Lotus Esprit Series 1 ‘Submarine’ Car
Bids were flying around the room at the RM Auctions when the iconic Lotus Esprit Series 1 Submarine Car went on to the open market. Many car collectors were in attendance including Radio 2 DJ Chris Evans, eventually the hammer fell and the Submarine car was sold for £550,000. Max Girardo, Managing Director, RM Auctions, Europe said “we have a great track record in selling incredible and iconic movie cars, and this particular Lotus is certainly up there amongst the most famous cars of all time.” RM Auctions sold “the most famous car in the world”; the Aston Martin DB5 used by Sean Connery in the enormously popular Goldfinger and Thunderball movies, for an incredible £2.9 million during its 2010 London sale.
The Lotus Esprit in question is the one and only fully functioning car especially designed and built for the famous underwater sequence seen on screen in the 1977 James Bond film ‘The Spy who loved me’. Known as ‘Wet Nellie’ on the set, it was developed from one of six Esprit body shells used in the making of the film. It was the only car to be built into a fully operational, self-propelled submarine. The driver of the car was Don Griffin, a retired U.S. Navy SEAL and test pilot from the company Perry Oceanographic who developed the ‘submarine’. He operated the vehicle utilising its motorised propellers while manoeuvring with levered steering mechanisms. Over the years, millions of moviegoers have stared in awe as the Lotus transformed itself into a submarine.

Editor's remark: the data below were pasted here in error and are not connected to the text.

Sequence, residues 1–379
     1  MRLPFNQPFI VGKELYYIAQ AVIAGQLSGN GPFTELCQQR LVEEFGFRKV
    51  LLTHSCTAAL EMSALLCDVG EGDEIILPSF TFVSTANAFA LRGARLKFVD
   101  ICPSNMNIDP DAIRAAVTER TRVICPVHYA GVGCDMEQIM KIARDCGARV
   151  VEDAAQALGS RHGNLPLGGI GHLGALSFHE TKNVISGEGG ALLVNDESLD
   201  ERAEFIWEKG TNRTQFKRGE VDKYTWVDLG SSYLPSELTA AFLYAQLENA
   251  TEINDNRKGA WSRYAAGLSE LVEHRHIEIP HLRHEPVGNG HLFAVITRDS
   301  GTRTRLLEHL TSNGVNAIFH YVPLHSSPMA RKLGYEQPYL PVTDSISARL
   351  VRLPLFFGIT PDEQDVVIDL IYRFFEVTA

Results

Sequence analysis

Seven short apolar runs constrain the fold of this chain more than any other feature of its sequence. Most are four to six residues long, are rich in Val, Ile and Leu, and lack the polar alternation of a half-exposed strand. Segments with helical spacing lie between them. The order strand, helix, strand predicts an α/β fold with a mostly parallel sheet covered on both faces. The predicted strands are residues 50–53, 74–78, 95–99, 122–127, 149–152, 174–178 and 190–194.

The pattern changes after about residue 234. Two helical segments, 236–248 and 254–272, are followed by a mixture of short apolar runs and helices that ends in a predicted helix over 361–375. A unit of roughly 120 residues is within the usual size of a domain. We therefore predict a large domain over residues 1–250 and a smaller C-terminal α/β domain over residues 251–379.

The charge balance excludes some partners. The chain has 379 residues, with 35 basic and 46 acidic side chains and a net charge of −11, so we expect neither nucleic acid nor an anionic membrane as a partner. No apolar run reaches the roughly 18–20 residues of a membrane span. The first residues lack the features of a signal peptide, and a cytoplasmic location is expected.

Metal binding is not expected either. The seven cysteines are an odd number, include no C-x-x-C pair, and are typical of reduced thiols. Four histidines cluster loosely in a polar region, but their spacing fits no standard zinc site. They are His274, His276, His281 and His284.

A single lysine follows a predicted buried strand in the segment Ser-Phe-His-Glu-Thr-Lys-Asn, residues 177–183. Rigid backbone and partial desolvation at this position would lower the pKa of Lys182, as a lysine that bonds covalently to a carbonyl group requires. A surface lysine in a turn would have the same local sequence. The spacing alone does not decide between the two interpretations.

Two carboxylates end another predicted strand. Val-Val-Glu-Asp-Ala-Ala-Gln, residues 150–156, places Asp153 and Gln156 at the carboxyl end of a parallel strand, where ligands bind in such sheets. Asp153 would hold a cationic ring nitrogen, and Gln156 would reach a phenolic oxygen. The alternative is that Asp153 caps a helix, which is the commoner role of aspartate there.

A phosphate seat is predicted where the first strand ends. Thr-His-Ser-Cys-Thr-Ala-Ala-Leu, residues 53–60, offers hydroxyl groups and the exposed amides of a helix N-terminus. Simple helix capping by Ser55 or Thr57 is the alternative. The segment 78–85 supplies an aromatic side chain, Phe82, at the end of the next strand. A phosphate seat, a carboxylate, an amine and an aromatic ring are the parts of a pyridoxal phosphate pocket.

It is believed the Lotus was left in storage by the production company which paid for the container for ten years. But when the payment ran out and nobody came to collect it, it was put up for sale. The previous owner, who has chosen to stay anonymous, found the car after buying a storage container in Long Island in 1989. He did not recognise the car for what it was as he had reportedly never seen a Bond film at the time. But as he drove the car home on the back of a truck, other drivers who recognised the vehicle radioed him to tell him what it was.
The car cannot be driven on the road, although it is said to be a fully operational submarine. At the time the car was said to have cost over $100,000 to create which is equivalent to nearly a half million dollars today.
Peter Haynes, from RM Auctions, said the auctioneer was pleased with the price despite it coming in at under estimated prices of between £650,000 and £950,000. He said “we are very happy with that price, it is very strong money for what is an important piece of movie memorabilia, bearing in mind it is not a car that can be driven on the road, the price just goes to prove the draw that all Bond-related memorabilia has.”